Flame leaps from the hand, the rain is listless,
Yet drinks the thirst from our lips,
solid as echo,
Passion to breed a form in shimmer of rain-blur;
- What's all of this about flame leaping from someone's hand? Is it Pound's hand? Is he saying that he's suddenly turned into Pyro from X-Men?
- Well not exactly. He's probably talking about symbolic fire, which would stand for courage and creativity, which might leap from a painter or writer's hand.
- But even as this flame of creativity leaps from the hand (a hopeful image), we find out that it's also raining and that the rain is "listless." This rain threatens to put out the flame in the artist's hand, and the fact that it's "listless" suggests that grayness and depression are still threatening to put out the flame of passion and genius in Pound's heroic figure.
- But wait a second. Pound goes with a triple-switch when he reverses his meaning one more time and says that the rain "drinks the thirst from our lips." The image of curing someone's thirst is scattered throughout the Bible, and it usually refers to salvation and the curing of sickness. So here, Pound is suggesting that the image of rain can actually be a good one, promising relief from our spiritual thirst.
- Finally, Pound mentions "Passion" and suggests that the artist's fiery passion can create or "breed" a "form in shimmer of rain-blur." In other words, even though the symbolic grey rain of the modern world threatens to put out the artist's passion and fire, the artist can still create something, a "form" of some kind, even though this form has to shine through the "shimmer of rain-blur."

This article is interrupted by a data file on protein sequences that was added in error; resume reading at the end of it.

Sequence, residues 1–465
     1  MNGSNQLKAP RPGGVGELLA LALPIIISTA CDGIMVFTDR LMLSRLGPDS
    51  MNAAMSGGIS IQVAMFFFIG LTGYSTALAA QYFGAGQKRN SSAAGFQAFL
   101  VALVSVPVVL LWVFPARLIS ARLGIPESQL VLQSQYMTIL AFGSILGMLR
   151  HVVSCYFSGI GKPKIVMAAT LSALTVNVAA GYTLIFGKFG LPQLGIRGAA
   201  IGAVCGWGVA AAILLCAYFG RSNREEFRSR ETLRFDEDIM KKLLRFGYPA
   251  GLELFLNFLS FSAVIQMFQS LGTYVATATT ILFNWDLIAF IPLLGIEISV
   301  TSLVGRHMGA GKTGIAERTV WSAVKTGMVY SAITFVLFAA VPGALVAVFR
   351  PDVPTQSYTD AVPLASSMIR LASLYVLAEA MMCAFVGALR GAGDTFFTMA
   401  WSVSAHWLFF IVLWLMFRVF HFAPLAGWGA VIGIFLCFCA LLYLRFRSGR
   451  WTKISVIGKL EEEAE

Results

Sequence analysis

- To put it bluntly, Pound says that the genius artist can still create new things in the modern world, even though the grey, dull forces of this world are always working against him.
But Eros drowned, drowned, heavy-half dead with tears
For dead Sicheus.
Life to make mock of motion:
For the husks, before me, move,
The words rattle: shells given out by shells.
- Pound really can't seem to make up his mind about whether the symbolic rain he's talking about is a good thing or a bad thing.
- Last time we checked, he was suggesting that the rain represented the dull, grey feelings of the modern world; but he also argued that the genius artist could find a way to create beauty in spite of this dullness.
- Well now, Pound is saying that "Eros" or desire is "drowned, drowned, heavy-half dead with tears." Basically, Pound has spent the last dozen lines or two moving between hope and despair, sometimes in a single line. He's really worked up, but can't decide if he's hopeful or not about what the future holds for beauty and art. He's still crying "For dead Sicheus," which means he's still mourning the loss of beauty in the world.
- Further, when Pound talks about "Life to make mock of motion," he's getting back to his earlier ideas about modern people just being shells of the people they could be. For Pound, beauty is connected to life, to energy, and to motion. But in line 103, he says that modern life "make[s] mock of motion." In other words, everything is still, silent, and dead in the modern world, and Pound feels like the modern world not only neglects beauty and motion; it actively mocks it and dances on its grave.
- Returning to his images of shells and husks, Pound says he's still watching a bunch of men who are just shells, and listening to their "words rattle" like empty shells. In order to have meaning, words have to be connected to some idea of beauty. And since this is gone in the modern world, Pound just sees a bunch of shells talking to other shells.